The lost foam method is quite popular- a lot of members on here have used that technique to build hulls. It's quite economical, because you use very little material in construction, and foam is light and easy to work with, and inexpensive compared with most woods.
It's best to use the higher density blue or pink coloured foam, the polystyrene foam that you get in packaging is too soft and doesn't work very cleanly. Polyester resin dissolves polystyrene foam, epoxy resin doesn't. If you want to stick with polyester resin, then you can paint the foam with oil or emulsion paint or polyurethane varnish, which acts as a barrier coat.
Another alternative is to use polyurethane foam, which is the yellow stuff used for insulating lofts and also comes in aerosol tins for filling gaps in walls around pipes. You can use polyester or epoxy resin straight over this foam.
The sheets used to insulate lofts tend to be filled with glass, so wear gloves when sanding otherwise you'll be itching until Christmas.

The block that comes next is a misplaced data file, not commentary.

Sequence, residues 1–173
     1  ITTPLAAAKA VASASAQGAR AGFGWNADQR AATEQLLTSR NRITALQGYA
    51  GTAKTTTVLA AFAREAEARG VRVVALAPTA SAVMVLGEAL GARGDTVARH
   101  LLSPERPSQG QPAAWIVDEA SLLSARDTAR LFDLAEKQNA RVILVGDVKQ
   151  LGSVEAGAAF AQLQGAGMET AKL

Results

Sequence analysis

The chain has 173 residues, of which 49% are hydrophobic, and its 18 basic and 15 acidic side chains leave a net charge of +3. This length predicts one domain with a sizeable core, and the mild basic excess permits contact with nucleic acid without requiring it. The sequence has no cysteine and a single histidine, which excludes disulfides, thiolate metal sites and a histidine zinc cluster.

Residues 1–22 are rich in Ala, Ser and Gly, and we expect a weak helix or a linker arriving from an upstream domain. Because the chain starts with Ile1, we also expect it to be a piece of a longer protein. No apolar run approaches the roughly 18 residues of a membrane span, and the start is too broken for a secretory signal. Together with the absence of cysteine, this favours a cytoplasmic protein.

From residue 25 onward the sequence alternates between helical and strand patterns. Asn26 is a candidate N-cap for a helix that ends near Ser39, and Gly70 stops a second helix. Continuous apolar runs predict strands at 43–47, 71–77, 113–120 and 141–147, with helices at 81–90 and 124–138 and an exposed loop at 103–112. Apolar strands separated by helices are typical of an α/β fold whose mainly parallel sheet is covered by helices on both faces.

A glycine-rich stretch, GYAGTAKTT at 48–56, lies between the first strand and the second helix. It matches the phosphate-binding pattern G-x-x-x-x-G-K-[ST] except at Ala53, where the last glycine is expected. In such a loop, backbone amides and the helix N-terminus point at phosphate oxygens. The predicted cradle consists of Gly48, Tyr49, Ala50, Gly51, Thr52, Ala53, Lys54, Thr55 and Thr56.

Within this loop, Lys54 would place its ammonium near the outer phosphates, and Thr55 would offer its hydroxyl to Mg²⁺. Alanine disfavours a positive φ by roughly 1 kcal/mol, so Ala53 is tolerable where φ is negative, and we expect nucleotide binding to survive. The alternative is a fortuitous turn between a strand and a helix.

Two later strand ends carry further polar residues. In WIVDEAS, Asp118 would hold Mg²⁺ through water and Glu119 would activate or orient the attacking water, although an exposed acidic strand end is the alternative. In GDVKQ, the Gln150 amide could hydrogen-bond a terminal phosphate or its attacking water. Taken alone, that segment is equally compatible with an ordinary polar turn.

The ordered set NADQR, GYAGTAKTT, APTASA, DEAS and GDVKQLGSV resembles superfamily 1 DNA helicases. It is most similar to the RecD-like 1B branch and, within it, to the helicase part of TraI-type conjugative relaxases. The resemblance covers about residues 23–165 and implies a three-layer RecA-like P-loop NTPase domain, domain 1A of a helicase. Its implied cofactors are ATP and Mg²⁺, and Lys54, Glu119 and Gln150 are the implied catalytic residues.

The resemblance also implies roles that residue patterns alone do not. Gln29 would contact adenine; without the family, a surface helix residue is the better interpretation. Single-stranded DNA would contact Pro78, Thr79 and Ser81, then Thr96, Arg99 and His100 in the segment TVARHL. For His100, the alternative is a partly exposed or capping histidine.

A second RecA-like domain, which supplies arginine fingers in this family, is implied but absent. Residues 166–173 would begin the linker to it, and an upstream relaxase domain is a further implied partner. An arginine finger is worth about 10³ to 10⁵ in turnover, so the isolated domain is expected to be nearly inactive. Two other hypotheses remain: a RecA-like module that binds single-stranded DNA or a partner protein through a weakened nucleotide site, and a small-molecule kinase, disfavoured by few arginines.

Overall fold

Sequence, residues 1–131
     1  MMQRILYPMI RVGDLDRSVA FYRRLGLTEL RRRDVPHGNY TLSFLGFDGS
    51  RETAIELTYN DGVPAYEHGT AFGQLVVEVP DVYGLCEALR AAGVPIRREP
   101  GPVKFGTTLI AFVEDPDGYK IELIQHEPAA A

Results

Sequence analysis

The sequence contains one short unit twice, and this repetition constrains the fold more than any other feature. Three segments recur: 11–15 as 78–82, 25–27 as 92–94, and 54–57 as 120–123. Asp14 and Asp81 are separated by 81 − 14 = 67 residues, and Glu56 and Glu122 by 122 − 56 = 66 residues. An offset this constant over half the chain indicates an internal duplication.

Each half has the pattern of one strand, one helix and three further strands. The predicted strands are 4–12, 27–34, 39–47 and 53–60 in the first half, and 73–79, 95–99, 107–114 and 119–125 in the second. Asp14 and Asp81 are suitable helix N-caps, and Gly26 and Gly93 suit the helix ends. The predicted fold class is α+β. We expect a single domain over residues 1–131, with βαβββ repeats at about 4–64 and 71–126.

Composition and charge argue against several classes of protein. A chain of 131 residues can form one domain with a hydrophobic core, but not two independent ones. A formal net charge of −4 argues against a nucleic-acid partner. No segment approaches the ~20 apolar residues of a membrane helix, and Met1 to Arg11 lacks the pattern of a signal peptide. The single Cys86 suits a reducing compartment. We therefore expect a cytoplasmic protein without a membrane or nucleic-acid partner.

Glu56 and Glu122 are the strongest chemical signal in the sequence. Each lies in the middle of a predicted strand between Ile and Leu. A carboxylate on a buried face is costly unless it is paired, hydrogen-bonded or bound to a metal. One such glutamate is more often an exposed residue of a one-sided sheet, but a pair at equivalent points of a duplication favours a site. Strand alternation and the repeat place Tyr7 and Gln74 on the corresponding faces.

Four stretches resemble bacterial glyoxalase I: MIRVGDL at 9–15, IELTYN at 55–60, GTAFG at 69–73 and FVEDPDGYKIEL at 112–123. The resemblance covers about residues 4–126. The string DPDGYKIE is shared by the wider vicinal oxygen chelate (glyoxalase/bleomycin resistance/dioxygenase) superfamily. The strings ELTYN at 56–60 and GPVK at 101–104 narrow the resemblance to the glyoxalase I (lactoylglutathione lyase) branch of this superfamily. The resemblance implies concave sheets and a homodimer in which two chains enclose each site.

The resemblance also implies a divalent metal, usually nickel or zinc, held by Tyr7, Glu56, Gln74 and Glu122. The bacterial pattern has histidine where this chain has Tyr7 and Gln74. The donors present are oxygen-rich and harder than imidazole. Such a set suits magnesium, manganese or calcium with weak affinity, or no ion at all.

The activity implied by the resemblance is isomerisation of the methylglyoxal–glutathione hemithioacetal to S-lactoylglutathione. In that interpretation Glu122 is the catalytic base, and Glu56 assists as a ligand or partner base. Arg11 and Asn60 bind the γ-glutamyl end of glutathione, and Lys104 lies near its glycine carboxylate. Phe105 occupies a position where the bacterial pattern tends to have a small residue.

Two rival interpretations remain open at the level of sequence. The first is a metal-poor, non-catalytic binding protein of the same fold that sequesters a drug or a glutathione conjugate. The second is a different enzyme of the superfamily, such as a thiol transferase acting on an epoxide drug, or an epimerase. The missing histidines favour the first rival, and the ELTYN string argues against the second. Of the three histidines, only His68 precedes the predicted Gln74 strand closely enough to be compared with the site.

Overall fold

I have used polyurethane and polystyrene foam for making hull masters, I skin the foam with a layer of resin and matting for strength, then finish with polyester filler. However, I then make a reverse mould from this, and cast my hulls conventionally. It's more work, but you can produce more hulls if you want quite easily and spares if required.
If you haven't praticed any of these techniques before, I advise you to learn on something small first. Perhaps you could try carving the turret for the Surcouf, being a relatively simple shape and small at the scale you will be working at. That way if you make a hash of things, you haven't lost too much.